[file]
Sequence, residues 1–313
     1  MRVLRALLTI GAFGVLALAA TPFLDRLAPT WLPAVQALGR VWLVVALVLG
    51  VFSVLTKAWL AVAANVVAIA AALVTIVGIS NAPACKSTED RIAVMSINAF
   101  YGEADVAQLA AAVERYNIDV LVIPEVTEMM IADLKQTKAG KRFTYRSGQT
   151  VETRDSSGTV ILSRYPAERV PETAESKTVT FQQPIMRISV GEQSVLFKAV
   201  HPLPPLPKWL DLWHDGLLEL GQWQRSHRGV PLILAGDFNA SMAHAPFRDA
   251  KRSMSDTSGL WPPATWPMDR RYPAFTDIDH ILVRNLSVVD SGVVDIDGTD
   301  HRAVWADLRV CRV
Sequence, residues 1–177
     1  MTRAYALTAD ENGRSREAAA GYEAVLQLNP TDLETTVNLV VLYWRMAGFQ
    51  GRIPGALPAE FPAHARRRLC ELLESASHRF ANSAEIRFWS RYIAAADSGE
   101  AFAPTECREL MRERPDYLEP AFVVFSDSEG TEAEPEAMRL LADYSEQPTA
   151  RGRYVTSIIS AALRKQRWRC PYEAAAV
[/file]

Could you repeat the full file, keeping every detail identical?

Sequence, residues 1–313
     1  MRVLRALLTI GAFGVLALAA TPFLDRLAPT WLPAVQALGR VWLVVALVLG
    51  VFSVLTKAWL AVAANVVAIA AALVTIVGIS NAPACKSTED RIAVMSINAF
   101  YGEADVAQLA AAVERYNIDV LVIPEVTEMM IADLKQTKAG KRFTYRSGQT
   151  VETRDSSGTV ILSRYPAERV PETAESKTVT FQQPIMRISV GEQSVLFKAV
   201  HPLPPLPKWL DLWHDGLLEL GQWQRSHRGV PLILAGDFNA SMAHAPFRDA
   251  KRSMSDTSGL WPPATWPMDR RYPAFTDIDH ILVRNLSVVD SGVVDIDGTD
   301  HRAVWADLRV CRV
Sequence, residues 1–177
     1  MTRAYALTAD ENGRSREAAA GYEAVLQLNP TDLETTVNLV VLYWRMAGFQ
    51  GRIPGALPAE FPAHARRRLC ELLESASHRF ANSAEIRFWS RYIAAADSGE
   101  AFAPTECREL MRERPDYLEP AFVVFSDSEG TEAEPEAMRL LADYSEQPTA
   151  RGRYVTSIIS AALRKQRWRC PYEAAAV